For the Love of Autism

I have a precious nine year old friend who has autism.  He and his family are so dear to me.  I have known them since he was two and can vividly remember sitting around the kitchen table with his parents when they received the phone call from their psychologist telling them that their son was being diagnosed with autism.  What a life changing day that was for them and for me, and one that I’m sure I will never forget.

As a child psychologist, I had often been on the other side of that table, being the one giving parents the news that their child met the diagnostic criteria for autism.  This was the first time I experienced that moment from the viewpoint of the parent.

The one thing that I have learned from this family that has made the biggest impression on me, is that there is no way for any of us to truly understand what it is like to have a child with autism unless you actually have one.  I think the same can be said for parents of children with any type of disorder or disease, whether psychological or medical, but it especially true with autism.

With the incidence of Autism Spectrum Disorder currently at 1 in 110 children*, it’s likely that all of us know of someone with the disorder.  Given that likelihood, what can we as parents do to support other parents who have children with Autism, Asperger’s Disorder, or other Developmental Disabilities?

First, try to learn what you can about autism from reputable sources.  Autism Speaks and the Autism Society both offer accurate and up to date information online about the disorder.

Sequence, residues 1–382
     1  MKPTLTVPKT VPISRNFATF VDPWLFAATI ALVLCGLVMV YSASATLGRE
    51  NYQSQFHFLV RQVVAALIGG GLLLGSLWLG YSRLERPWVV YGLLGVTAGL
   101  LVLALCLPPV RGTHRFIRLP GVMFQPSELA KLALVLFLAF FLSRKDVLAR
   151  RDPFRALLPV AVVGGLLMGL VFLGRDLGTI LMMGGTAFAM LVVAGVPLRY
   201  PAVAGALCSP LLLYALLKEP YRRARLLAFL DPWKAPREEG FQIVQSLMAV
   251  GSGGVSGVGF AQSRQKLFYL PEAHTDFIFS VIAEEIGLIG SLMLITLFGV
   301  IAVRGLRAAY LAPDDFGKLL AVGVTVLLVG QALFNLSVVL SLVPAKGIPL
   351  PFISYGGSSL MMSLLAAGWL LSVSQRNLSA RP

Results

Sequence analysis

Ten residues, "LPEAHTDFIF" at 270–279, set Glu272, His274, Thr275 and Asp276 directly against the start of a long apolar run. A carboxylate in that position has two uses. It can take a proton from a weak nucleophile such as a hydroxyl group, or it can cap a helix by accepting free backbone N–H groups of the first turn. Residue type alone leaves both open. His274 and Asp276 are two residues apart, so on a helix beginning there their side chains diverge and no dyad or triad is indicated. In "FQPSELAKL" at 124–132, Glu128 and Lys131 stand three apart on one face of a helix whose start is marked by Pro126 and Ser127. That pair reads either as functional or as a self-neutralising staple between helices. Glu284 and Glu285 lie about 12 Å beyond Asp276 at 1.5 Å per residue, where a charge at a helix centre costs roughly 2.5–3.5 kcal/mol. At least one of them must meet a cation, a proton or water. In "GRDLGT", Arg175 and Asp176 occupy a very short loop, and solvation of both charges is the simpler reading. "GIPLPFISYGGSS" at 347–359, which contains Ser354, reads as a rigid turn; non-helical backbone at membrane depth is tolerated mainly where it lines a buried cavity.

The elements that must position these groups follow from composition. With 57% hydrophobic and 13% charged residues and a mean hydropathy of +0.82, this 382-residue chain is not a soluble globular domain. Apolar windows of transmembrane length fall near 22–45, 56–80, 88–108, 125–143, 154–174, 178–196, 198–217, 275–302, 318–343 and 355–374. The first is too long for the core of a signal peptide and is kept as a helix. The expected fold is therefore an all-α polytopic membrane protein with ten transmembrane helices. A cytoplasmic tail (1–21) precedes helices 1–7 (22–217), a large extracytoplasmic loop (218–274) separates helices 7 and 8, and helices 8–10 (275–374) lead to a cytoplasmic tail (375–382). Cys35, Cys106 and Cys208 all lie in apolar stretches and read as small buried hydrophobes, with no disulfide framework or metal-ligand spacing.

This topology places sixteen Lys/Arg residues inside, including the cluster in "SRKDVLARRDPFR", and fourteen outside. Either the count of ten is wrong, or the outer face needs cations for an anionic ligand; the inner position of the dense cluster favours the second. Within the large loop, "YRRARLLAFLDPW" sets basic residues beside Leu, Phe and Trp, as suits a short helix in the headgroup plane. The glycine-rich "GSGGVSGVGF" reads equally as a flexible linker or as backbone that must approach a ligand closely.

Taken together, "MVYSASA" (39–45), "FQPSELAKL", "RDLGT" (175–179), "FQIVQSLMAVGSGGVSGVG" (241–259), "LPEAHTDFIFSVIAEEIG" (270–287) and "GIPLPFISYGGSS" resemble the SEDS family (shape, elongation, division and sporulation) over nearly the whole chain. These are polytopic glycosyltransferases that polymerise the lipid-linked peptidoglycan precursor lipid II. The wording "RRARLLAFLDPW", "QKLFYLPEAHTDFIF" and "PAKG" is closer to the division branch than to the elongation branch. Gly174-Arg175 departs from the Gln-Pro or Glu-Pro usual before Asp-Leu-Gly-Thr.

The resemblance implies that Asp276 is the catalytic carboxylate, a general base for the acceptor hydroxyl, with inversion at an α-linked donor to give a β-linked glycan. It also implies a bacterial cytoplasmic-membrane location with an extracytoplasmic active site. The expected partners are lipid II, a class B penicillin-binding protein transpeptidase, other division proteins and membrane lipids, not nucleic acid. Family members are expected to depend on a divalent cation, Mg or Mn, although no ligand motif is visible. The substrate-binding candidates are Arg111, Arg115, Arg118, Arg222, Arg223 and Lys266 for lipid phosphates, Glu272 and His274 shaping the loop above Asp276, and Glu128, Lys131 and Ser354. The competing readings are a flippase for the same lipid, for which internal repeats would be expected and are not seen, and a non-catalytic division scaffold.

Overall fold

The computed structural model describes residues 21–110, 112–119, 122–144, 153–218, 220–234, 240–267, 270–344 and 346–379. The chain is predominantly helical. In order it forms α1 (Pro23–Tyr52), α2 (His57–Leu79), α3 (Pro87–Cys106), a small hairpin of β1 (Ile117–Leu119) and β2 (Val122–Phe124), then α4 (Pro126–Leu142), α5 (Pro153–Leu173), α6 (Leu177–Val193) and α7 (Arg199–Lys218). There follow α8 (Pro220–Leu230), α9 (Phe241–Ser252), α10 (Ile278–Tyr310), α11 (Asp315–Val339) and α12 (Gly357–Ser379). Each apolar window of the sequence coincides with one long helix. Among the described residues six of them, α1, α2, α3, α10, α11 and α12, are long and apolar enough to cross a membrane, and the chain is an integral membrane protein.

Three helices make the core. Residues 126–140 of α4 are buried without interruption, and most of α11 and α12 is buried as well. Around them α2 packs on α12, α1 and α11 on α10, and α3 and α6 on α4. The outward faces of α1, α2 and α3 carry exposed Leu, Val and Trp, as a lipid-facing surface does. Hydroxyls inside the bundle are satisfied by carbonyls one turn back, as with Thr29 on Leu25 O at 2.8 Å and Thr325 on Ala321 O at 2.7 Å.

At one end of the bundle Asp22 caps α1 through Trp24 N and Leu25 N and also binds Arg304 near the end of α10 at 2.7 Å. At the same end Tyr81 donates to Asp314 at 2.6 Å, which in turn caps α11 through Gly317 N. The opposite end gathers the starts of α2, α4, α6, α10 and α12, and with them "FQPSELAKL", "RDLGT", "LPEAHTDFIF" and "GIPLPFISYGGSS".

NBC’s hit show, Parenthood, features a boy named Max who is diagnosed with Asperger’s Disorder.  This show truly offers a behind the scenes look at Autism Spectrum Disorders and the day to day impact on families.  For me, this show is a must see each week.

Next, make an effort to include the child and their family in a way that meets their needs.  Schedule a play date with your children or invite the family to a get together.  Find out if there is anything you can do to make the outing or event  as successful as possible.  Children with autism are more than their diagnosis.  Get to know them, their likes and dislikes, their hobbies and interests, and you’ll be certain to find more things in common than you ever realized!

Finally, and most importantly, don’t talk badly about children with special needs.  These children and their families are people, too.  The last thing they want is for their child or their family being made fun of because of their disorder.

My friend experienced this one night at the soccer field.  She was sitting next to someone who was talking on their cell phone and making fun of a child with autism.  Having a child with autism of her own, this of course hurt her deeply.  We can’t ever forget that our words, whether intentionally or not, have the power to work for good or for bad.  We can choose each and every day to make them work for good.

From one parent to another, I encourage you not to let the diagnosis of autism keep you from reaching out to a child or a family.  I’m sure you’ll find that like me, you’ll be the one blessed beyond measure.

*Since the writing of this post in 2010, the incidence of autism spectrum disorder has climbed to 1 in 88 children.


  1. says

    This is beautifully written, Polly! You really captured what so many parents want to say–their child with autism is more than the diagnosis and that words should be chosen to do good. We, too, have had heard people saying things that are hurtful to any parent who has a child with any disability. I know that sometimes they don’t intend to hurt someone, they are simply very misinformed. However, choosing your word to do good is one way to slow down and consider whether or not what you are about to say could be hurtful. And, when in doubt, don’t say anything at all.


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